string(7) "bristol"

University of Bristol remove Edward Colston dolphin emblem with ties to slavery from logo

‘Understanding our logo requires recognition of our past, and the challenges it presents, to help shape where we would like to be in the future’

After the formal decision in December 2023 to remove the Coston emblem from the logo, Bristol University has unveiled the new design of the logo featuring a book of learning.

The new symbol of the open book is said to reflect the university’s core mission of education and learning.

The previous dolphin emblem, used from 2003 to 2024, paid tribute to the contributions of the Colston family, whilst the horse and sunlight emblems honouring the Fry and Wills family remain, along with the boat emblem that symbolises the City of Bristol.

Following a conversation with students, staff, and the local community surrounding the institution’s associations with the slave trade, the university decided to remove the dolphin emblem from the logo in November last year.

As part of the renaming consultation, the names of buildings named after the institution’s founders including the Fry and Wills families will remain but their historic links to the transatlantic trade of enslaved African people will be presented in their proper context.

The decision to remove Edward Colston from the logo was because of his lack of historical connection to the university, as well as his direct links to the trade in enslaved peoples.

Contrary to this, the Wills and Fry families both made significant donations to the university and their wealth was built from the trade of products made from enslaved labour like sugar, rather than directly trading enslaved peoples.

Colston was a 17th-century investor in the slave trade whose statue was toppled into the harbour during the Black Lives Matter protest in 2020. He has no historical links to the university, hence the decision to remove his emblem from the logo.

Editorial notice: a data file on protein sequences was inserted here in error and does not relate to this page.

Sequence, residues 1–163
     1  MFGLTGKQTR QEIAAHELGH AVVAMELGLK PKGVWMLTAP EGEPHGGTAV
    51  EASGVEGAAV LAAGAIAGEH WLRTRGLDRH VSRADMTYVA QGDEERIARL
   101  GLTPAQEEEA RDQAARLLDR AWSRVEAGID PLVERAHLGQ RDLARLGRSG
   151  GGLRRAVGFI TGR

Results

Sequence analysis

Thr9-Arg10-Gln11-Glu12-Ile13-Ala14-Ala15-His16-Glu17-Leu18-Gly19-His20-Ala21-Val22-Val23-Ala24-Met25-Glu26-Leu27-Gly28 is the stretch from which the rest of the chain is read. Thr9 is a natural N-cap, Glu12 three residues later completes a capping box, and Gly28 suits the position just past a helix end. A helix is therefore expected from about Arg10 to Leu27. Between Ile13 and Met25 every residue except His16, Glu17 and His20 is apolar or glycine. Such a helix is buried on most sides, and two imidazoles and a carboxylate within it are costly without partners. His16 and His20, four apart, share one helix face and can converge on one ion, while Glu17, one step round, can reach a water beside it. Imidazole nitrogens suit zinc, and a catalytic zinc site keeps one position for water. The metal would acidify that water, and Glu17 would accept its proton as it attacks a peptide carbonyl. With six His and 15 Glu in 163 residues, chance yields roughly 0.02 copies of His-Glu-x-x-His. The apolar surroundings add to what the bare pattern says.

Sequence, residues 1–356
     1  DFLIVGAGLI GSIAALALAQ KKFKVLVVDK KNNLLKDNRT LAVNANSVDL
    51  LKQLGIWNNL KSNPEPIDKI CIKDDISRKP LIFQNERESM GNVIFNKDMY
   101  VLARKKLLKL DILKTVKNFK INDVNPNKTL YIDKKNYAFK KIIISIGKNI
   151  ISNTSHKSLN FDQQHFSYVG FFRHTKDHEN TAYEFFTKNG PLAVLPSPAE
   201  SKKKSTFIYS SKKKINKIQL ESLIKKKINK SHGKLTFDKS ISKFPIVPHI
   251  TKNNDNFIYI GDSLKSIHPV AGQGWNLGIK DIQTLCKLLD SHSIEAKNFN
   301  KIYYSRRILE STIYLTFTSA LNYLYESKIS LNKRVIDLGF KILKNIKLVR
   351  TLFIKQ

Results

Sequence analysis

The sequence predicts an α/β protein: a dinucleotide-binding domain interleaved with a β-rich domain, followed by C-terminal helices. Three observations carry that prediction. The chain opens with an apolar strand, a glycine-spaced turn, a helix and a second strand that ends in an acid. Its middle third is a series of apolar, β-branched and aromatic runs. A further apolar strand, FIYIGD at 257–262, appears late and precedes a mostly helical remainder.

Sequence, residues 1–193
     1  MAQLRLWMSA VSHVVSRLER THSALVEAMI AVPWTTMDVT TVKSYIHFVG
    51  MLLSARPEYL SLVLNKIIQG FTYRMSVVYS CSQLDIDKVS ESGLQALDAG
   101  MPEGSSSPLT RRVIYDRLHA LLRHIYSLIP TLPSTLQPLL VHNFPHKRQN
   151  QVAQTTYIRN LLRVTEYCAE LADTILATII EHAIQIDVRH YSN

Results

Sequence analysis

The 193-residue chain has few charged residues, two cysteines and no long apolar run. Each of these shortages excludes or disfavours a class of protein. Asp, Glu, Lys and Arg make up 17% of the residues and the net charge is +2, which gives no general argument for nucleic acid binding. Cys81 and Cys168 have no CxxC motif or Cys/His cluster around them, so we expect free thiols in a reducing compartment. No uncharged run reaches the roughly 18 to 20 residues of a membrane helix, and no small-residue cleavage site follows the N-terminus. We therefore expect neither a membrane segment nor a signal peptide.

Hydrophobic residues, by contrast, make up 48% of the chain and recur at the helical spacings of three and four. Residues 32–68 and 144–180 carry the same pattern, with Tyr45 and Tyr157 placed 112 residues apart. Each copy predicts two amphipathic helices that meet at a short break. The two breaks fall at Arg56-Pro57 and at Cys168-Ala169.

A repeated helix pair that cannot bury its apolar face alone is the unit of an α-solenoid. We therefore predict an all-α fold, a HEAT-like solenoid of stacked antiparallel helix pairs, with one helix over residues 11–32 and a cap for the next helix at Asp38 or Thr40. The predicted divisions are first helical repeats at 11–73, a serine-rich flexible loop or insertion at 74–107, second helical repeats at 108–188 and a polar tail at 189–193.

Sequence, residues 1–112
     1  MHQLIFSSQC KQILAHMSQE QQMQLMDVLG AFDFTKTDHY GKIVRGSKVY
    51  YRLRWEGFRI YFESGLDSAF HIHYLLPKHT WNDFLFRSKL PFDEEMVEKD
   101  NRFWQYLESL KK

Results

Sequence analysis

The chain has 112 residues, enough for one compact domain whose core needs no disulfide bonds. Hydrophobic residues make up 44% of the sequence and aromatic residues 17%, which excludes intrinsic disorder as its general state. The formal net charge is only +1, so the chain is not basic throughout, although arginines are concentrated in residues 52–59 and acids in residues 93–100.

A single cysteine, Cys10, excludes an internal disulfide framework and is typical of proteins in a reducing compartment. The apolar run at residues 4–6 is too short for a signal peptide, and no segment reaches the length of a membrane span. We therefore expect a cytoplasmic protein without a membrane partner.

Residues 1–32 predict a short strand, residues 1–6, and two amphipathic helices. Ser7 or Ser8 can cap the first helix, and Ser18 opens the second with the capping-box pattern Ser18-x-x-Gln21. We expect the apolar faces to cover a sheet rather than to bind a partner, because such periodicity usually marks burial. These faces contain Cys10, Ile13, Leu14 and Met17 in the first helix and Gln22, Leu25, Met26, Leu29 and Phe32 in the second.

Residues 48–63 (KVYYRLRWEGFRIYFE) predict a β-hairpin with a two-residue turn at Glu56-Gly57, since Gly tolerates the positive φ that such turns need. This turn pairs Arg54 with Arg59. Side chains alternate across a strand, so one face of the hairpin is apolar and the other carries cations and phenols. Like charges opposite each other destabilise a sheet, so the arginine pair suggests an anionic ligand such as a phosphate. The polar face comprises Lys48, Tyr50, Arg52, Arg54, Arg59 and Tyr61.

As part of the decision to change the logo, the university announced a £10 million Reparative Futures programme to address racial injustices and tackle educational, health and economic inequalities.

Despite the renaming consultation concluding, the University of Bristol History Society has launched a petition to rename Goldney House, a hall of residence named after the Goldney family who have links to the transatlantic trade in enslaved peoples.

As well as this, the society has removed the university logo from its crest, citing its inclusion of the Wills and Fry family emblems. Although neither family traded enslaved peoples directly, both dealt with products like tobacco connected to enslaved labour.

Speaking to The Bristol Tab, the History Society said: “The Goldney Family have undeniable links to slavery.

“Thomas Goldney II funded several voyages which trafficked enslaved Africans, as written in the University of Bristol’s Legacies of Slavery Report.

“Profits from this immoral trade contributed towards the expansion and improvement of Goldney House. In addition, these profits funded the creation of manillas (a type of currency), which were used to trade for enslaved people.

“Goldney House has a tainted legacy, which is at odds with the inclusive values of the University of Bristol.”

A spokesperson for the University of Bristol said: “Goldney Hall has ties to the slave trade as the Goldney family funded several ships that took part in the triangular slave trade. But the Goldney family did not donate money to the university.

“The university bought Goldney Hall and its gardens in the 1950s, when the family was breaking up the estate. So, it is solely through this purchase that the university is associated with the Goldney family.

“In keeping with the decision to retain the names of the buildings that carry the Wills and the Fry names, we will also retain the name of Goldney Hall. This is to make sure that we represent our history most accurately.”

Related stories recommended by this writer:

Bristol Uni’s History Society launch petition to rename Goldney House due to slavery links

‘Say sorry to us, we’re waiting’: Natasha Abrahart’s parents call for apology from Bristol Uni